In his fifth solo album, Robert Gomez considers things great and small. And in spite of its gravity-bound title, Earth Underfoot soars musically and poetically.
The respected Denton guitarist and Francophile (the local music scene practically owes its awareness and appreciation of Serge Gainsbourg to Gomez) put the record together while finishing his degree at the University of North Texas, wrapping and promoting his fourth record, Severance Songs, and making the sophomore album with Ormonde, his creative partnership with Seattle songstress Anna-Lynne Williams. The duo’s debut album drifted to the top five on the iTunes indie rock downloads.
“When we were recording the record, I was pretty exhausted,” Gomez said. “I was basically at school at 8 in the morning. I’d get out at 1 o’clock and go record until like 1 in the morning, like midnight or 1. And then do that all again the next day.”
Earth Underfoot was funded with a micro-budget of $2,458 on Kickstarter, with the help of about 50 backers. It drops June 10, but Gomez will have CDs available at his local release show on Friday night at Dan’s Silverleaf. It’s also a farewell show, as the musician is moving to Seattle.
Gomez recorded the record with Baptist Generals member Peter Salisbury on guitar, Aaron McClellan on bass, Evan Jacobs on keyboards and piano, and Steve Hill on drums. It’s the band Gomez has been playing with for about a year and a half.
In terms of sound, Earth is a logical progression from his second solo record, Pine Sticks and Phosphorous, and Severance Songs. The meat and potatoes of the record is Gomez’s fluent guitar and soulful poetry. Lush and restrained, Earth continues the artist’s catalog of brooding and colorful songs. It does, however, mark a departure for Gomez.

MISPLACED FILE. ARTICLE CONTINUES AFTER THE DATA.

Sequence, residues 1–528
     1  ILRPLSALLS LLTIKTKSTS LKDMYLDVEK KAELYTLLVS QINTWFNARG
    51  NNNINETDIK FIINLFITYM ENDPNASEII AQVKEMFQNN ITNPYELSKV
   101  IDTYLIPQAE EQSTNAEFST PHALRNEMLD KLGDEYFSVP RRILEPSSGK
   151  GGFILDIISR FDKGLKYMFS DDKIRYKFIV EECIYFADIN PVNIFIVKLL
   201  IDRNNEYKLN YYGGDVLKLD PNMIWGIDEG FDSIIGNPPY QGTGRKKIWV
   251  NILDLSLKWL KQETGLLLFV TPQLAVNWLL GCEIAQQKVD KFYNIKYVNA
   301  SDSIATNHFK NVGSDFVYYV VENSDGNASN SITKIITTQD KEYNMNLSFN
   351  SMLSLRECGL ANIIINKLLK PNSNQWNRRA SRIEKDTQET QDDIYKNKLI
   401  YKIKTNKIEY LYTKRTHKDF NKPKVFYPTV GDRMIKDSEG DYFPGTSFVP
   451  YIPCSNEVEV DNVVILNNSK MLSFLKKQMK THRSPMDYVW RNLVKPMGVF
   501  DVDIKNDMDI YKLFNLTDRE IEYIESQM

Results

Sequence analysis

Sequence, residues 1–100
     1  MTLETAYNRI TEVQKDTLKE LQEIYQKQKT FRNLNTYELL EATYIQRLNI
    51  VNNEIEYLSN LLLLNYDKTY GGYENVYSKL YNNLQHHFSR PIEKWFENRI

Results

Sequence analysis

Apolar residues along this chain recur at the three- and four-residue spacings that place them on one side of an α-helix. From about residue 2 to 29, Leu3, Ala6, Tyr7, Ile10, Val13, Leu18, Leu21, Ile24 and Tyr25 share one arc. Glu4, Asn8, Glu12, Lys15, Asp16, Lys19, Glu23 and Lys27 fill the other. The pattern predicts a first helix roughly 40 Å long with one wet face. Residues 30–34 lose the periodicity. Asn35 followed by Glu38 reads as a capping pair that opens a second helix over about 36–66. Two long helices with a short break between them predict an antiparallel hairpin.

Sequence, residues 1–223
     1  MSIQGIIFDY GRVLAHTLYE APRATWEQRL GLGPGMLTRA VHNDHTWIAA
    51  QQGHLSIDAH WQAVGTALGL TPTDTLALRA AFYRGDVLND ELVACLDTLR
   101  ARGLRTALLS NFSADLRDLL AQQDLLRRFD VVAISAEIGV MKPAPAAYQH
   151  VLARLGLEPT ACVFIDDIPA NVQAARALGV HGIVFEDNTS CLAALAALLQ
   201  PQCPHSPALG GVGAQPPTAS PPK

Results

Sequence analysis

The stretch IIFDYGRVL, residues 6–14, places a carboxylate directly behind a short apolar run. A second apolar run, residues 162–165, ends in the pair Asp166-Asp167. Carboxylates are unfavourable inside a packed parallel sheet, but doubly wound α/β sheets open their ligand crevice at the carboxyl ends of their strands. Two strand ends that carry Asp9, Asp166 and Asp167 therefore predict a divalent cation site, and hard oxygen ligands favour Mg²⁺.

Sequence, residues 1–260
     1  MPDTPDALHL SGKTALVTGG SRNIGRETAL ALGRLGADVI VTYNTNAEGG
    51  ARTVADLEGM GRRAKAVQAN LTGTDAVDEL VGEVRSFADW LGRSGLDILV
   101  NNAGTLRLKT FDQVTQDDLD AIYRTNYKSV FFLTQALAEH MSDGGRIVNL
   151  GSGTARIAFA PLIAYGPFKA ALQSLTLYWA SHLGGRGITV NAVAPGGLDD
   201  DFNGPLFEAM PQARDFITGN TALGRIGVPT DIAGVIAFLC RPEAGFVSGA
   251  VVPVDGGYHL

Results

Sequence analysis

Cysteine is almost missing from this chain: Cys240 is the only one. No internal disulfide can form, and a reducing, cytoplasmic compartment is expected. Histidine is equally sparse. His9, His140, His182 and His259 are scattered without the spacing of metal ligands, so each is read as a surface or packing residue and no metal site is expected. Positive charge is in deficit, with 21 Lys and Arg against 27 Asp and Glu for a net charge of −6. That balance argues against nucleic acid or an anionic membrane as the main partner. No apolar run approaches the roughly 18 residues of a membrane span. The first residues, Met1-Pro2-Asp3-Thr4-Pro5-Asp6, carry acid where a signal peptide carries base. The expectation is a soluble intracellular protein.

“It was an interesting process for me because, normally, I’m just by myself most of the time. Recording most of the tracks, track by track, until I have a finished work,” Gomez said. “But this one was really just done live for the most part. I’d go in with my band, and we just went in and we just played live, and whatever came out, that’s just the way it was.”
This is also the first time Gomez has recruited a producer. He and Los Angeles producer-engineer Theo Karon struck up a mutual respect online. When Gomez went to L.A. as a member of Sarah Jaffe’s band for a plum slot on Jimmy Kimmel Live, he met up with Karon.
“We hung out some and I told him, ‘Man, we should work on a record together,’ and he said, ‘I’d totally love that,’” Gomez recalled.
Karon produced, mixed and mastered Earth Underfoot.
“That was another departure for me, to allow someone to basically be in control of the music, and say, ‘This is working, this is not working,’” Gomez said. “And it helps take the pressure off a little bit, because when you’re in there trying to make music, it’s hard to really know if it’s good enough, or if it’s as good as it could be. It’s hard to have any perspective when you’re in the middle of it.”
Karon managed to boost Gomez’s vocals, a boon when considering the artist’s restrained approach to the microphone. In earlier albums, it’s easier to let Gomez’s vocals become more of an instrument than a storyteller. Salisbury and Gomez still give guitar primacy, but it’s a nice change to hear the lyrics without eyes-closed concentration.
Together, the guitarists show a knack for the instrument’s many dialects. The guitar is a democratic instrument. It can speak metal, folk and flamenco. And while Gomez and Salisbury clearly weren’t trying to punch out a world music record, they didn’t make one dimensional songs.
“Out Alive” builds into an alt-rock crescendo during the bridge, and “Two Teeth” could easily dance its way into a folksy jig. “Tersus,” one of a few instrumental songs on the record, uses the guitars like the wheels on a train. In “Tersus,” the star of the show is a moody keyboard effect, a chimey theremin that gives way to electro-acoustic blorping sounds in “Still Alive.”
“I mean, we definitely tried to get interesting sounds,” Gomez said. “I feel like every band tries to get interesting sounds, for the most part. But I think I also benefited a lot from Peter Salisbury’s presence on the record. I think that having two approaches to electric guitar helps open it up a bit. This is a very electric guitar-based record. I mean, there’s not much acoustic on it, which is kind of different for me. Although Severance, I thought, was a bit of a departure in that way as well. But this one is more so in that direction.”